- Researchers in London found that around 460 lives are lost to cancer every day.
- But experts say cancer death rates have dropped 15 percent since the 1980s.
More than two million years of life are lost every year to cancer in the UK, according to new research.
In the first analysis of its kind, experts have calculated the number of years lives were shortened in the UK as a result of the disease.
A team from Cancer Research UK, King’s College London and Queen Mary University of London used average life expectancy and cancer death data to calculate time lost.
Using the age at which people die, they estimate that the number of cancer deaths each year in the UK is shortening lives by 2,308,277 years.
Dr Judith Offman, who led the work at King’s College London, said: “This analysis allows us to see the impact cancer has on patients and their families, and the precious time that is lost as a result.” .
While the growing population has seen the total number of years of life lost per year due to all cancers combined increase since the 1980s, rates have decreased by 15 percent over the three decades.
Around 167,000 lives are lost to cancer each year – around 460 people every day.
High diagnoses and low survival rates mean that around a fifth of total years lost are due to lung cancer, with more than 500,000 per year.
Patients typically die 14 years earlier from lung, liver, pancreas, and stomach cancer, 17 years earlier from breast and ovarian cancer, 25 years from cervical cancer, and 33 years from testicular cancer.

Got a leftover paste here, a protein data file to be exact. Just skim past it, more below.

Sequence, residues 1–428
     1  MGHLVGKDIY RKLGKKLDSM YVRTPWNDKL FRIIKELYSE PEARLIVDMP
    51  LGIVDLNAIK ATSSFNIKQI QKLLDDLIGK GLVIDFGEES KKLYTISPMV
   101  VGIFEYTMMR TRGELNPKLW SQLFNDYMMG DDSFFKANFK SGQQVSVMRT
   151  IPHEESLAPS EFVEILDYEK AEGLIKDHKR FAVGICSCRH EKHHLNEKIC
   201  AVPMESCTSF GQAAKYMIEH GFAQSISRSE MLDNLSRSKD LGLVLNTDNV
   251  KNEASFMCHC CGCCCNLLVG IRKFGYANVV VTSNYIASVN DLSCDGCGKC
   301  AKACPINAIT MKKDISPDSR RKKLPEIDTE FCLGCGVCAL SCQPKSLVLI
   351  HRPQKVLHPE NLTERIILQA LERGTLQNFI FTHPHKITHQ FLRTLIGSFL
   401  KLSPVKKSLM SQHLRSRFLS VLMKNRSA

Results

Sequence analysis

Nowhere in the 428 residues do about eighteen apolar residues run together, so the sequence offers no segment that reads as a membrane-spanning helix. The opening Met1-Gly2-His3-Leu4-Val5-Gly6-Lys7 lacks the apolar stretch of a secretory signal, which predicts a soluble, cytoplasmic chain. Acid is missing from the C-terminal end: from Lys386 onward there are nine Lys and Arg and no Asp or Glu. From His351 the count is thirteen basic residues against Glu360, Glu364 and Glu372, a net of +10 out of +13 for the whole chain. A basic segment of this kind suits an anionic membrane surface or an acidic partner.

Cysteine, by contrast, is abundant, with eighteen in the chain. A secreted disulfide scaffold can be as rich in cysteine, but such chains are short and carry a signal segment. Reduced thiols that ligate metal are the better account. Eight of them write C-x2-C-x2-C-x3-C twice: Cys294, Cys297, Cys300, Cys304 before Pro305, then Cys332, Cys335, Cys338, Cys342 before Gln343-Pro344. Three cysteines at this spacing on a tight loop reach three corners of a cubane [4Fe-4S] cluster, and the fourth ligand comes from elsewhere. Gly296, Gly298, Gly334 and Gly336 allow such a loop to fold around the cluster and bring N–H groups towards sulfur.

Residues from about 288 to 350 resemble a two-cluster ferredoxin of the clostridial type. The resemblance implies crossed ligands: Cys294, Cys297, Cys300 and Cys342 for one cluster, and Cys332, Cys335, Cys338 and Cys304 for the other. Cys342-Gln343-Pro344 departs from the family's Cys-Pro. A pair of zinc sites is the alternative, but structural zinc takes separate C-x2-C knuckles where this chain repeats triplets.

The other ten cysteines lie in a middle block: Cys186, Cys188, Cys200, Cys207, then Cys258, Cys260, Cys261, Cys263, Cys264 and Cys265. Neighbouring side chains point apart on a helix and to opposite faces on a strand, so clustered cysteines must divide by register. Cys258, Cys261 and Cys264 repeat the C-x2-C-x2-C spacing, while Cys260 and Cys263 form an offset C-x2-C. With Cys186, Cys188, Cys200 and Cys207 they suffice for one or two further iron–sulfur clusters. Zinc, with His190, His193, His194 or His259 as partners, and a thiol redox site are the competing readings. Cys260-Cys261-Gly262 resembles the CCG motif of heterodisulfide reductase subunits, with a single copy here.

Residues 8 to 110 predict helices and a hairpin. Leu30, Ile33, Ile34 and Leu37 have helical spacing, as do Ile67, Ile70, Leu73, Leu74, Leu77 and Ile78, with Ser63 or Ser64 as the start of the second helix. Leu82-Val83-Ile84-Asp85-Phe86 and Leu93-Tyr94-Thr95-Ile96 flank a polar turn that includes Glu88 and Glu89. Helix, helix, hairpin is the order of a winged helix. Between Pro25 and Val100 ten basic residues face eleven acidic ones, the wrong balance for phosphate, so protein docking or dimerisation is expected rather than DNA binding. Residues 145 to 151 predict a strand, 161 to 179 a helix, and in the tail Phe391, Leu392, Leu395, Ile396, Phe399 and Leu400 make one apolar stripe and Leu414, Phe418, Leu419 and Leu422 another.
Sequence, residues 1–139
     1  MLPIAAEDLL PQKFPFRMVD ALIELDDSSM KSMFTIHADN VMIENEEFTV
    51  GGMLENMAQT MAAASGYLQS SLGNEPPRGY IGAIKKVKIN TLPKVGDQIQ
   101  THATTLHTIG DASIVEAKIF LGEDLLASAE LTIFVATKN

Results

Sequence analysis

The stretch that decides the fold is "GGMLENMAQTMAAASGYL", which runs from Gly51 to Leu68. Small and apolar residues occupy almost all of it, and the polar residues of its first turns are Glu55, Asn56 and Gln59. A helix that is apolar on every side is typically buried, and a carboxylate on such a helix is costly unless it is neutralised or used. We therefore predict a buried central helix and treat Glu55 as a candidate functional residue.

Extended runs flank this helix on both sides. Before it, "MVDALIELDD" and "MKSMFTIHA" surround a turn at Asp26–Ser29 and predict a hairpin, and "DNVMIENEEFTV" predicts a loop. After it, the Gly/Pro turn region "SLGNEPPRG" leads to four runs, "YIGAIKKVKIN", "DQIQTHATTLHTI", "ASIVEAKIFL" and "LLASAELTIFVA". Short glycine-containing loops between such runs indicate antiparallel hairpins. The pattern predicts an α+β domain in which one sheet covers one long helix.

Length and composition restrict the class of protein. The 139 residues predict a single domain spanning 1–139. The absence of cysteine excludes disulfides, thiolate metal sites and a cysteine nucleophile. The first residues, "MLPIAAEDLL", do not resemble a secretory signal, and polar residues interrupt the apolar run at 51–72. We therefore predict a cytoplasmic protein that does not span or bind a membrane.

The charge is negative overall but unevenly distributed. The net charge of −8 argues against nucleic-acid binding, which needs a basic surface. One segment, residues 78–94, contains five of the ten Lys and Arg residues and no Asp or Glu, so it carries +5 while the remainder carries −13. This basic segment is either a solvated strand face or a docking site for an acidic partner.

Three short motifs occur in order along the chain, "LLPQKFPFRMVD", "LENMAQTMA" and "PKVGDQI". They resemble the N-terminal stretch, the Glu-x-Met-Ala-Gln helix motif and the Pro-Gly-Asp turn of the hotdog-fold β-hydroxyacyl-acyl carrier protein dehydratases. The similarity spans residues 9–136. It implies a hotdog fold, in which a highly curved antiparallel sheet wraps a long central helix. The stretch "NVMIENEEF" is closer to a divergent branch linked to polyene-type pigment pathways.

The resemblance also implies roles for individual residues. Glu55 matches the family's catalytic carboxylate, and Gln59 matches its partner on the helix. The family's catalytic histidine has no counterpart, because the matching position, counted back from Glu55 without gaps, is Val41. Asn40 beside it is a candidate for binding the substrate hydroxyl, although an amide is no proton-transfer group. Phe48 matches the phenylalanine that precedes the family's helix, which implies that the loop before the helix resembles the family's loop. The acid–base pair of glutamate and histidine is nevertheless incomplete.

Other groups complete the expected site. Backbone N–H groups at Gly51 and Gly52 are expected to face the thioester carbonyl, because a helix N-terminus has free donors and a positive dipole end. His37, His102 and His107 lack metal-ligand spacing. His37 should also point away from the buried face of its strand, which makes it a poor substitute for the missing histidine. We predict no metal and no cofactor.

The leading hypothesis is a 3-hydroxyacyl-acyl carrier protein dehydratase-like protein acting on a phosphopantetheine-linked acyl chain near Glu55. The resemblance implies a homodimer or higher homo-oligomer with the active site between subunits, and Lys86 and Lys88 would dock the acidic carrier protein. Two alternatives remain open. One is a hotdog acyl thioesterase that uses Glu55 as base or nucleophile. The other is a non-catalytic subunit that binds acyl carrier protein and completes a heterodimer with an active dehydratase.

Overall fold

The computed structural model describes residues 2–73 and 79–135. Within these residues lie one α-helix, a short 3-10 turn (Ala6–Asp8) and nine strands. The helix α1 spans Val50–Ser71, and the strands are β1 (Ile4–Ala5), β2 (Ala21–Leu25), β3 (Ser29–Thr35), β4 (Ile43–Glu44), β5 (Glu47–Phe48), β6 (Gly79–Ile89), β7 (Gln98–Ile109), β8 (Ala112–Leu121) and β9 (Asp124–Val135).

They predict that each year around 213,000 years of life are lost to bowel cancer and around 197,000 to breast cancer.
But while the growing population has seen the total number of years of life lost per year due to all cancers combined rise since the 1980s, rates have fallen by 15 percent over the three decades.
Rates of stomach cancer have been reduced by 59 percent, cervical cancer rates by 58 percent, and breast cancer rates have been reduced by 39 percent thanks to advances in diagnosis and treatment.
The total number of years of life lost to cervical cancer in 1988 was around 43,600, but the cervical screening program has seen this figure fall to around 21,800 in 2017.
The analysis shows that liver, melanoma and kidney cancers have seen increases in rates of years of life lost, largely due to rising numbers of cases, but other cancer types have seen rates decline.
Rising obesity and alcohol consumption are blamed for the increase in years lost to liver cancer, with rates rising 157 percent in 30 years.
Meanwhile, testicular cancer has fewer years lost overall because survival rates are good. But for those who don’t make it, the average number of years lost is high, 33, because they die young.
Michelle Mitchell, chief executive of Cancer Research UK, said the fight was far from over.
Praising the government’s announcement last week about raising the sales age for tobacco products as “a welcome step”, he said: “This new analysis is a stark reminder of the impact cancer has on lives today. of so many people in the UK.
“Behind the statistics are people affected by cancer, and these lost years of life are lost opportunities to achieve goals and spend precious time with loved ones.”